Sounds of the Season

by Richard G. Johnstone Jr., Exec. Editor

Richard Johnstone
Richard Johnstone

Memories reside in the eyes, yes, and also in the nose, from which they are awakened by sights and smells. But ears hold memories as well, memories stirred by the special songs, both secular and sacred, of this festive season. Stirred by the staccato crackling of a roaring wood fire. Stirred by the crunch of late autumn’s laggard leaves underfoot. And stirred by the animated conversations of newly arrived company bustling breathless and chilled into a warm holiday gathering.

During this season, holiday memories can be revived even (perhaps especially) by the blessed quiet of midnight’s approach, the room dark but for the glowing tree, the noisy wood fire now but a steady hiss, and the day’s (nearly the year’s) work done ... These are some of the sounds that mark and memorialize this season of contrasts: when the sacred and the silly, the sublime and the superficial, the faithful and the frenzied all jumble together in the mind and the heart and the popular imagination.

We at Cooperative Living wish for you the very best holiday season ever, from Thanksgiving through New Year’s Day, and we offer herewith our annual gift: a selection of some of our favor­ite passages from much-loved written works.

Late November brings an end to full-fledged Autumn. The lasting warmth, the balmy days, the hazy in-between time, seldom endure much beyond Thanksgiving. Then it is that the pines and hemlocks stand out in cold-season strength of green; then the white reach of the birches is clear and clean against the sky ... The season changes so slowly that I must pause and listen to hear the silence. Autumn creeps away in sandals woven of milkweed floss; Winter makes no noise until it owns the land.

— Hal Borland, This Hill, This Valley, 1957.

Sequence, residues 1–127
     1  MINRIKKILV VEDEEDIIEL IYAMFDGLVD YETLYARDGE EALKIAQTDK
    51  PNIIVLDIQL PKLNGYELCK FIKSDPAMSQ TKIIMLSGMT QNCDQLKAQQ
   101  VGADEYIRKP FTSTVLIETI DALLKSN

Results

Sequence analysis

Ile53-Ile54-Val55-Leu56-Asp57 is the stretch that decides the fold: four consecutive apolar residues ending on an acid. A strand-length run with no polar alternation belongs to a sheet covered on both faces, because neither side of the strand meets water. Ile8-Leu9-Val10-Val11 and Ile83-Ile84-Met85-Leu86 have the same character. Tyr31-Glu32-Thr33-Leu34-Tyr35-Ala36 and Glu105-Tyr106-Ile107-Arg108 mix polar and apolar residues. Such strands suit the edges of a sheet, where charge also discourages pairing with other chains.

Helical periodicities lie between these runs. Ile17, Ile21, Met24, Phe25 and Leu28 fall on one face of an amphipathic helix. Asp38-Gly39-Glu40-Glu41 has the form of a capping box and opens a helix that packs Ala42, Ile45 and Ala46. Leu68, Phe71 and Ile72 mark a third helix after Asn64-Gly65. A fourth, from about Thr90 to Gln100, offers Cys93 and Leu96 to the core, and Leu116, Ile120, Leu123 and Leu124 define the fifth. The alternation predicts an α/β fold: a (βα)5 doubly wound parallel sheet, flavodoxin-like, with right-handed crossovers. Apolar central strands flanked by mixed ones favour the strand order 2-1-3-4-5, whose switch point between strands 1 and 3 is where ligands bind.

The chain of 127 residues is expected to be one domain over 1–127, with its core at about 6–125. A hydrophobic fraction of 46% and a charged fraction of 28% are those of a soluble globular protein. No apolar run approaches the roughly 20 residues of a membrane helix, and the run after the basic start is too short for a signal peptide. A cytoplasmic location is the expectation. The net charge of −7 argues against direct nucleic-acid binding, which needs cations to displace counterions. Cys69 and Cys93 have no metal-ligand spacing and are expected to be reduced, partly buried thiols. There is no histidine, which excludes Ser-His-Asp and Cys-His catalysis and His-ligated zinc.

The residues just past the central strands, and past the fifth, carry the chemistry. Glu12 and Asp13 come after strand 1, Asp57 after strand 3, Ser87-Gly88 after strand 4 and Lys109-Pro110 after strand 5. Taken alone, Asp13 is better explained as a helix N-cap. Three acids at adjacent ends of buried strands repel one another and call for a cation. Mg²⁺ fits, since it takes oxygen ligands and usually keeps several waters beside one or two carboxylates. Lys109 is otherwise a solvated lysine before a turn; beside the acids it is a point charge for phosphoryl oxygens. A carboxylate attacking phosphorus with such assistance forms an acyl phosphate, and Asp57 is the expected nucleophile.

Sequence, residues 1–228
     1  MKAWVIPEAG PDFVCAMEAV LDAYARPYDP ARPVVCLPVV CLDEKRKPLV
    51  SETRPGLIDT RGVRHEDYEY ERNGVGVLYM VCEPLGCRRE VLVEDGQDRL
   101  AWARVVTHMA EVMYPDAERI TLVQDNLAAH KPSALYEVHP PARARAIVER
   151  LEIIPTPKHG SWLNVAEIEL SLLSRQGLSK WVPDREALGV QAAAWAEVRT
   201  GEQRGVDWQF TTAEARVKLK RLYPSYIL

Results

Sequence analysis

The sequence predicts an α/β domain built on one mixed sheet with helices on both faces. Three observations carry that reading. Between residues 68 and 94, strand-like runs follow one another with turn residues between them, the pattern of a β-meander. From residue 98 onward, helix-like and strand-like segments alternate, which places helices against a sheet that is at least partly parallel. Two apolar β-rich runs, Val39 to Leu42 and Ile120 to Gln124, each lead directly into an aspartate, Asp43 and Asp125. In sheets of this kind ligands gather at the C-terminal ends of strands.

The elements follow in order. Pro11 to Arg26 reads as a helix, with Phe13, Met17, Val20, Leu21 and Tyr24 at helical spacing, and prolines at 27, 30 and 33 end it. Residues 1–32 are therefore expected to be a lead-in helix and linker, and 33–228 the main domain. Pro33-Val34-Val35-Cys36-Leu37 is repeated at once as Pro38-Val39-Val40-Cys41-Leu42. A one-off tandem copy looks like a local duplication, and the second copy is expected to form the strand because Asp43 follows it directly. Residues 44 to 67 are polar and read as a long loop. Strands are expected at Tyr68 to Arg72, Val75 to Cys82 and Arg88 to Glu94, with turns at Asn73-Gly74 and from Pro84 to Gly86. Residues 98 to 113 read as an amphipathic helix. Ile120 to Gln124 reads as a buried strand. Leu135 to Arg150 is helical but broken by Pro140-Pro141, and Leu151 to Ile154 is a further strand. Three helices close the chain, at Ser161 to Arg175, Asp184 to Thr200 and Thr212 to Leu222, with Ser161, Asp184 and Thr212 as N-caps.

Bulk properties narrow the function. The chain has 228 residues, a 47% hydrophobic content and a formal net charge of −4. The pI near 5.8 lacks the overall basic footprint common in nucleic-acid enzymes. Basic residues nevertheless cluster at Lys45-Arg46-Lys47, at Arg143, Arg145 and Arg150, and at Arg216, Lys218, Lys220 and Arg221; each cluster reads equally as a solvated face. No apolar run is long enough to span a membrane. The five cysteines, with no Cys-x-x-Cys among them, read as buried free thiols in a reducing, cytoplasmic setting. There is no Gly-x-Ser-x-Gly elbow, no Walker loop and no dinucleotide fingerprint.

“I knew it before I got out of bed,” she says, turning away from the window with a purposeful excitement in her eyes. “The courthouse bell sounded so cold and clear. And there were no birds singing; they’ve gone to warmer country, yes indeed. Oh, Buddy, stop stuffing biscuit and fetch our buggy. Help me find my hat. We’ve thirty cakes to bake.”

It’s always the same: a morning arrives in November, and my friend, as though officially inaugurating the Christmas time of year that exhilarates her imagination and fuels the blaze of her heart, announces: “It’s fruitcake weather! Fetch our buggy. Help me find my hat.”

— Truman Capote, “A Christmas Memory,” from Selected Writings of Truman Capote, 1956.

If you want to have a Christmas like the one we had on Paradise Farm when I was a boy, you will have to hunt up a salt-water farm on the Maine coast, with bays on both sides of it, and a road that goes around all sorts of bays, up over Misery Hill and down, and through the fir trees so close together that they brush you and your horse on both cheeks. That is the only kind of place a Christmas like that grows ...

And you really should cross over at least one broad bay on the ice, and feel the tide rifts bounce you as the runners slide over them. And if the whole bay booms out, every now and then, and the sound echoes around the wooded islands for miles, you will be having the sort of ride we loved to take from town, the night before Christmas.

— Robert P. Tristram Coffin, “Christmas in Maine ,” 1935, 1941.

The miracle of Christmas is that, like the distant and very musical voice of the hound, it penetrates finally and becomes heard in the heart — over so many years, through so many cheap curtain-raisers. It is not destroyed even by all the arts and craftiness of the destroyers, having an essential simplicity that is everlasting and triumphant, at the end of confusion.

 — E. B. White, “The Distant Music of the Hounds,” from The Second Tree from the Corner, 1949.


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